Lebanon’s Vanishing Juniper Trees
By: Rameh Hamieh
Published Friday, June 22, 2012
Little by little, Lebanon’s western mountains are losing their dense green areas.
Spaces between trees are expanding, especially in the forests and nature reserves that contain juniper, cedar, fir, and oak trees.
Something is afoot in these forests today: a massacre that signals their imminent disappearance.
Trees in the juniper forests and nature reserves which are spread over large areas of the mountains and ravines are being cut down by residents of villages and towns along Lebanon’s western mountain range.
Attempts to put an end to the arbitrary tree-cutting are limited to the occasional raid by security forces.
The last one was a few months ago, when the army searched some of the villages, arrested a few people, and confiscated coal and firewood made from aged juniper trees.
The saddest part is that these trees, when cut down, will not grow back.
“They are single cotyledon trees with elongated wood cells and they are evergreen,” explains Dr. Youssef Sharif, an environmental activist and botanist.
The “tragic” situation in the juniper reserves prompted Sharif to start growing them to save them from extinction. But “they are unique in the way they grow and the amount of time it takes,” he says.
Hailing from the nearby town of Yammouneh, his love for these trees and their unique properties compelled him to make them the subject of his PhD dissertation at Toulouse University in France.
He says that growing junipers is “is nature’s secret since they do not grow in the soil haphazardly.”
He explains that “fruit-eating birds like to feed on the black juniper berries, due to their spicy taste and smell of incense. After being ingested, the digestive system of the bird (the giblets) begin to secrete enzymes that break up the insulation that prevents the seed from growing.”
“Then they pass the seeds in their droppings into the soil. The soil and degree of moisture have to be right and it takes a long time (18 months) to achieve reproduction,” he continues.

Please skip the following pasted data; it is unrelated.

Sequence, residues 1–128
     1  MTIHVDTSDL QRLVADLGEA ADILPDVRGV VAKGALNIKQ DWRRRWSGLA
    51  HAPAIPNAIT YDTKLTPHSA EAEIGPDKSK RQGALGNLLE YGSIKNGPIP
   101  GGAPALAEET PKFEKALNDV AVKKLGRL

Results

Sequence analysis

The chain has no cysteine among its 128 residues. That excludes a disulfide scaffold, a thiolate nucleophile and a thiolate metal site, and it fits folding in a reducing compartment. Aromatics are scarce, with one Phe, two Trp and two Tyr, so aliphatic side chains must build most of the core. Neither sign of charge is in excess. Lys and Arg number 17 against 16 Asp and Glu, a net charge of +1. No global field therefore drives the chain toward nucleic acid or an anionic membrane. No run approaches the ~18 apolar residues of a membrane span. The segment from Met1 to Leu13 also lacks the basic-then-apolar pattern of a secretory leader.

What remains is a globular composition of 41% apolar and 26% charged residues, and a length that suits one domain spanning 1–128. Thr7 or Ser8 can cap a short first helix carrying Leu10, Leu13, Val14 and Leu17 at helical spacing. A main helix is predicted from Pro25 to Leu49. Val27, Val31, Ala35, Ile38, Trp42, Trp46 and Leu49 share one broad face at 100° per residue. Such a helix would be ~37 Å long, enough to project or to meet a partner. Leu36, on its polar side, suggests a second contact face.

This natural method is often not very successful and full of challenges, particularly given “the significant decrease in the number of birds due to Turkey’s eradication of blackbirds, starlings, and crows by the pesticide monocrotophos.”
For the past six years, Sharif had been conducting experiments to replace the natural method of growing junipers with an industrial one.
Six months ago, he succeeded in “achieving a growth rate of 95 percent, compared to 3 percent internationally and 1 percent at the Ministry of Agriculture.”
Sharif declines from revealing his methods but mentions that “the small berries are prepared over a period of four months, through heating and chemical processes. This is followed by the period of planting them in soil and sprouting, taking between three and six months.”
Sharif oversees his nursery from his cabin. He is now growing several types of juniper and already has around 4,000 saplings in special boxes, some already a few centimeters tall.
He says he could grow around 200,000 saplings if he had “financing and support” and maintains that the ministries of agriculture, environment, and economy have copies of his degree and know about his ability to grow any type of tree.
“But to this day, they have not taken even one tree from the nursery for planting, and they have not established a center for planting trees,” he complains.
In any case, although he personally funded his experiment, he seems overjoyed after successfully “planting the 1,300th tree in the Yammouneh nature reserve.”
Sharif’s study indicates that “the Yammouneh nature reserve is unique in Lebanon, since it has 14 types of juniper trees out of the 60 known types.”
Older studies “only identified four types, since researchers depended on mules and donkeys to move around, and could not reach the other types in my study.”
He says they include “Juniperus drupacea, Juniperus phoenicea, Juniperus communis, Juniperus sabina, Juniperus chinensis, conic, serratus, and Juniperus virginiana,” among others.
This article is an edited translation from the Arabic Edition.